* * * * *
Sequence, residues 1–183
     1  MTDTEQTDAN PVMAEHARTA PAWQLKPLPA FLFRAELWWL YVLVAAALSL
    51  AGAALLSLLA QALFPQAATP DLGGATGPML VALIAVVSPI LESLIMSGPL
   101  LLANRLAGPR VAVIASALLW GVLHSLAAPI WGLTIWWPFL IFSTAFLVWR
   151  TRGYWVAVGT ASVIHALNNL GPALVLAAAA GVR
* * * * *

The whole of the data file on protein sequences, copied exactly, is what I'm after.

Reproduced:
Sequence, residues 1–183
     1  MTDTEQTDAN PVMAEHARTA PAWQLKPLPA FLFRAELWWL YVLVAAALSL
    51  AGAALLSLLA QALFPQAATP DLGGATGPML VALIAVVSPI LESLIMSGPL
   101  LLANRLAGPR VAVIASALLW GVLHSLAAPI WGLTIWWPFL IFSTAFLVWR
   151  TRGYWVAVGT ASVIHALNNL GPALVLAAAA GVR